In Dharbhanga, mobs broke into government godowns and looted foodgrains, edible oil, salt and other commodities. Goods worth Rs.80 lakhs are reported to have been looted in this manner. As the floodwaters surged, even the District Magistrate, the Superintendent of Police and the District Judge and their families had to take shelter in a government building.
Rabri Devi urged the Centre to declare the flood situation as a national calamity. She said the flood situation needed to be discussed at the Central level as most of the rivers in spate originated in Nepal. The State government requested the Centre to release 50 million tonnes each of rice and wheat and 10 lakh polythene sheets as immediate relief. According to the State Irrigation Department, the flood situation in Bihar is the worst to have occurred in the past 10 years. The State government has reportedly demanded a grant of Rs.1,000 crores from the Centre to rehabilitate those who have lost their homes and to repair and strengthen embankments. More than 2.38 lakh houses have been destroyed. The State government has requested for satellite phones to enable it to establish contact with the affected areas.
Considering the grim situation, the Centre released Rs.30.525 crores from the Calamity Relief Fund (CRF) to the Bihar government on July 12. For the current fiscal the State has been allocated Rs.81.8 crores in CRF, but a bureaucratic hurdle delayed the release of the first instalment, as the State government had not furnished the utilisation report for the previous year (2003-2004). An inter-ministerial team at the Centre has been constituted to assess the flood situation once the waters recede.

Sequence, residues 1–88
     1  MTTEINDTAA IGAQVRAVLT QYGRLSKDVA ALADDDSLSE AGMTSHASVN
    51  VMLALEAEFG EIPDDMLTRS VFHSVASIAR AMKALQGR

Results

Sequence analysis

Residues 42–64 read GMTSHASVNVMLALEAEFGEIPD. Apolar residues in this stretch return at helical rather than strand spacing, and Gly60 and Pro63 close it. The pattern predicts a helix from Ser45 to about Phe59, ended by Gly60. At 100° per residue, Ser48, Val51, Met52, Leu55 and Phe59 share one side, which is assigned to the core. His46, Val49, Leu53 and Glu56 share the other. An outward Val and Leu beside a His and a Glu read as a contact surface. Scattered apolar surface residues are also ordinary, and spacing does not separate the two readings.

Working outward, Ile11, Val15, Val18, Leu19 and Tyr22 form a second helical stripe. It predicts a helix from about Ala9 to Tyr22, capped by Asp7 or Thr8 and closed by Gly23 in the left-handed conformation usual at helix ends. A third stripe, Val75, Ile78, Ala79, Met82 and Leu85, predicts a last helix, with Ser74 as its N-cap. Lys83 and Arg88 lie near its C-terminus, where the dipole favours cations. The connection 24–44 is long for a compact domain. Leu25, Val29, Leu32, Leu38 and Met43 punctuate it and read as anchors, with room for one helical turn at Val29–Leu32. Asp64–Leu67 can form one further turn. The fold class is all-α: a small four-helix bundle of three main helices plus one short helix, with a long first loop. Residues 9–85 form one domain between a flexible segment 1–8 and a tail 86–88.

Floods have been a recurrent feature in the Indo-Gangetic basin for many years. The long-term solution requires extensive planning, determined effort, and a huge outlay of funds, because it has to include ways to tackle deforestation, especially in the Himalayas, train farmers in soil conservation, and introduce appropriate cropping patterns. In addition, major flood control, irrigation and hydel projects need to be taken up in right earnest and those yet to be completed have to be expedited. Even though all these might not be able to prevent floods, their impact can be mitigated.
Dr. M.S. Swaminathan, the renowned agricultural scientist, had introduced a `model code' in the 1970s to improve disaster preparedness in flood-prone regions. Many State governments still circulate this code among district officials before the monsoon, but only as a formality. If the measures mentioned in the code, such as installation of early warning systems; dissemination of flood warning by the quickest means among the rural population; shifting of settlements from flood-prone areas to safer locations; and keep in readiness a stockpile of essential medicines, bleaching powder, tents and tarpaulin at strategic points are taken, the impact of floods can be reduced considerably.